Colosseum - Ancient Rome Live (AIRC)

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Darius Arya
by American Institute for Roman Culture
published on 27 January 2020

The Colosseum (the Flavian amphitheater) is the largest amphitheater the Romans ever constructed, with a circumference of 545 m, height of 50 m, 189m long and 156 wide. The exterior wall of travertine stone has been estimated to 100,000 tons of travertine blocks. It was known as the Flavian Amphitheater in antiquity and first cited as “Colosseum” by the Venerable Bede in the 8th Century CE, in possible reference to the lost Colossus that was located next to it in the Hadrianic era.

The structure was built by Vespasian with funds from his successful war in Judaea, as per the dedicatory inscription, on the site of the stagnum of Nero’s Golden House that once extended from the Palatine to the Esquiline. The project began in 70 CE and was completed and inaugurated by Titus in 80 CE (as per Martial’s De Spectaculis) for approximately 50,000 spectators. A massive fire damaged and put the Colosseum out of commission in 217 CE for a number of years. (Cassius Dio 79.25).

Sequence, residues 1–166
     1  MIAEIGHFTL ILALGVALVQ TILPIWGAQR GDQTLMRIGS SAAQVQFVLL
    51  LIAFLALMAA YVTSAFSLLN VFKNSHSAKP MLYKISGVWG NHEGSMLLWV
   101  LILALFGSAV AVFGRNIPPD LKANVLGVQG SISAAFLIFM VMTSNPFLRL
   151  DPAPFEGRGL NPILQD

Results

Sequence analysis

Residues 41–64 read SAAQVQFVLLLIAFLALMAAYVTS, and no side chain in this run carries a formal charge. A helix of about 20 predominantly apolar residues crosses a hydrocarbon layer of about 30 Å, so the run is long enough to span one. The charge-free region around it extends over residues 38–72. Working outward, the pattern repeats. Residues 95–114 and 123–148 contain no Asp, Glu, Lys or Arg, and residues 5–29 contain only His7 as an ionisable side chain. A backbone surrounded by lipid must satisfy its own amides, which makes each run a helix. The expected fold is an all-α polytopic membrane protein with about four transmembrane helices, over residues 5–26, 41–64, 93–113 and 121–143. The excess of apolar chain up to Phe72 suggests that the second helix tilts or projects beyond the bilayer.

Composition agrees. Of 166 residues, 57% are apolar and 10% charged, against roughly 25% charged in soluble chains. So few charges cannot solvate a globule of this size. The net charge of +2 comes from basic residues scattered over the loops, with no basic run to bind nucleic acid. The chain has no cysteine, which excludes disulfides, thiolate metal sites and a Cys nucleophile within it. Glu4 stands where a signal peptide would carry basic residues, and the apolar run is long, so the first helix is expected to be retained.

The Colosseum was in use for gladiatorial games as the principal activity until AD 434. Animal games continued until 523. All the while, continual restorations took place to repair damage after earthquakes from the 3C- 6C AD.

Find out more about the Colosseum at

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APA Style

Culture, A. I. f. R. (2020, January 27). Colosseum - Ancient Rome Live (AIRC). World History Encyclopedia. Retrieved from

Chicago Style

Culture, American Institute for Roman. "Colosseum - Ancient Rome Live (AIRC)." World History Encyclopedia. Last modified January 27, 2020.

MLA Style

Culture, American Institute for Roman. "Colosseum - Ancient Rome Live (AIRC)." World History Encyclopedia. World History Encyclopedia, 27 Jan 2020. Web. 05 Feb 2023.